Inga 3 Hydropower Project Receives IDA Technical Assistance Grant

Posted on March 21st, 2014 by

Inga 3 Hydropower Project Receives IDA Technical Assistance Grant

The World Bank Group’s Board of Directors approved a $73.1 million International Development Association grant to the Democratic Republic of Congo for the Inga 3 Basse Chute and Mid-size Hydropower Technical Assistance Project yesterday. The 4,800 MW Inga 3 Project would divert about one-sixth of the Congo River’s flow into the Gundi Valley, where a dam would create a reservoir with a surface area of about 15.5 square kilometers. The land area to be flooded per MW generated would be among the smallest on the world.

Ethiopia Sees Output at Africa’s Largest Power Plant in 18 Months

Ethiopia will start generating electricity within 18 months from what will be Africa’s biggest power plant. Africa’s second-most populous country is boosting electricity output to cater for increased demand due to economic growth. Once the 6,000 MW Grand Ethiopian Renaissance Dam hydropower project is finished, the county may earn $2 billion a year from exports, says Zadig Abraha, deputy general of the GERD national coordination office. The construction of GERD is opposed by Egypt, saying that it will reduce the flow of the Nile, which provide almost all of Egypt’s water.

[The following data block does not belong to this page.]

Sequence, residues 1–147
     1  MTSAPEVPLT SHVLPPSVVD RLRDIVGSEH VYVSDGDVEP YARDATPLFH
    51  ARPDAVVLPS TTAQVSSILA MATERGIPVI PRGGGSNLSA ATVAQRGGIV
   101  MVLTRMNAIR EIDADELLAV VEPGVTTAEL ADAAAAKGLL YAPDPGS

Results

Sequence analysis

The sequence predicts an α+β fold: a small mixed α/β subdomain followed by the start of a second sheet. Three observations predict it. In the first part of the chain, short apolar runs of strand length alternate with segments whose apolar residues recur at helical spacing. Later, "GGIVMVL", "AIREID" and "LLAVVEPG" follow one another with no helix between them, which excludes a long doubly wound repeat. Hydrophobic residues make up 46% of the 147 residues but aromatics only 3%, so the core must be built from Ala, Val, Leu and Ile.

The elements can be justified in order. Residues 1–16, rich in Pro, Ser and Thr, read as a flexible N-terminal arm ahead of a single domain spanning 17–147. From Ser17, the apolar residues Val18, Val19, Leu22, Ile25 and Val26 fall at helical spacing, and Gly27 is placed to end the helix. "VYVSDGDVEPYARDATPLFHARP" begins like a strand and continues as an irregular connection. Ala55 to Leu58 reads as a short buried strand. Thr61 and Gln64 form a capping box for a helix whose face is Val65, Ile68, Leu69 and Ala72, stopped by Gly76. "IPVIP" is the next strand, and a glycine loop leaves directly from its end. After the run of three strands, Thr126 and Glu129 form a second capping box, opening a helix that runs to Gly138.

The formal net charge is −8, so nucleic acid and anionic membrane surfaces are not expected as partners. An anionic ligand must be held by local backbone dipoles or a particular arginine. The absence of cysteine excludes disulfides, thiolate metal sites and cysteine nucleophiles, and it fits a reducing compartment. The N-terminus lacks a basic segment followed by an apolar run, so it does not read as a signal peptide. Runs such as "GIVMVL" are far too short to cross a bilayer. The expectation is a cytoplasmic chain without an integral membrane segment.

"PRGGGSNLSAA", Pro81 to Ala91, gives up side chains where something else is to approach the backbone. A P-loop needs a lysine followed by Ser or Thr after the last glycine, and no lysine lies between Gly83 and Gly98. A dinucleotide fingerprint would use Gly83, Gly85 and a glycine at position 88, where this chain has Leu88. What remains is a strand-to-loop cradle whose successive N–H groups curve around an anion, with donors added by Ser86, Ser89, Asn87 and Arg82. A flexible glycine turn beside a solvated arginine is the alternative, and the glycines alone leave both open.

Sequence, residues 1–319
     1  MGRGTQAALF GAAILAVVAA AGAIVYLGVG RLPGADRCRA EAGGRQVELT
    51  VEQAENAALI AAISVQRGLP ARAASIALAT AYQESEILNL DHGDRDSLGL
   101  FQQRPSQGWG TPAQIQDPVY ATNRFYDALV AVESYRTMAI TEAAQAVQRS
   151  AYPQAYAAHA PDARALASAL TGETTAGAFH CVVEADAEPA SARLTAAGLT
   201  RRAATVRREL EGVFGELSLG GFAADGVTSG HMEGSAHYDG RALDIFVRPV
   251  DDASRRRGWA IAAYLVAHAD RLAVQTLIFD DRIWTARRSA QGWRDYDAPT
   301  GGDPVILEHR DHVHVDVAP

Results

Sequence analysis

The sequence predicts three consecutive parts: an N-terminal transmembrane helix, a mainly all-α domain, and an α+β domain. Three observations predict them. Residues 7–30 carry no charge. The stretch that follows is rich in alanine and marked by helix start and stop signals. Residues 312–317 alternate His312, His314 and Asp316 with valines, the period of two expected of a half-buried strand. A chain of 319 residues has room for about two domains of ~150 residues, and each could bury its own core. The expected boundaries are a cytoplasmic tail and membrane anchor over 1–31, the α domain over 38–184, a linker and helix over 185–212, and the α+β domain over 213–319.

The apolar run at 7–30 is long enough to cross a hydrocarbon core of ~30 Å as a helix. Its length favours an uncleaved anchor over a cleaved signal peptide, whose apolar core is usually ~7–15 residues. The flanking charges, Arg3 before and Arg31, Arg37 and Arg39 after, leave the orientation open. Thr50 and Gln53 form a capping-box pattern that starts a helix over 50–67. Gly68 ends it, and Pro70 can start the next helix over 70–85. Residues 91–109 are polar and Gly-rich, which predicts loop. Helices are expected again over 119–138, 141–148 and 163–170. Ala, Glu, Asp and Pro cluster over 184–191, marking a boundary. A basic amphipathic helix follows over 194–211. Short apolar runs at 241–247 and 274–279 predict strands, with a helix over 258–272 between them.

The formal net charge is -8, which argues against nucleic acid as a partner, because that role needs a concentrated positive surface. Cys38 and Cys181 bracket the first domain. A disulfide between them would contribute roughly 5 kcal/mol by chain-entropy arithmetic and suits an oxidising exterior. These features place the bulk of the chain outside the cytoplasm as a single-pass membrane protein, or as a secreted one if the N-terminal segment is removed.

AMSC Focuses on Europe, Consolidates US Wind Operations

American Superconductor (AMSC), a power electronics supplier for wind turbines, said recently that it will be consolidating its U.S.-based operations and focus on expanding in Europe. AMSC will close its manufacturing plant in Wisconsin by the end of the year, but will fold its product development operations and employees that are willing to relocate to its headquarters in Massachusetts. As it consolidates it workforce, AMSC plants to open a new wind turbine controls manufacturing plant in Romania.  AMSC CEO Daniel McGhan explains that expanding in Romania will enhance the firm’s distribution capabilities and widen its reach to international markets.

Big Ben To Be Covered in Solar Panels?

Last month, British Parliamentary passholders were asked to submit ideas on how the estate could hit a target to improve energy efficiency by 34% by the end of the decade. One passholder suggested putting solar panels on the clock face of the iconic Big Ben, which was renamed Elizabeth Tower in 2012. The potential move comes as part of the UK government’s broader ssh client initiative- one which will see the roofs of the Houses of Parliament covered in solar panels as well.

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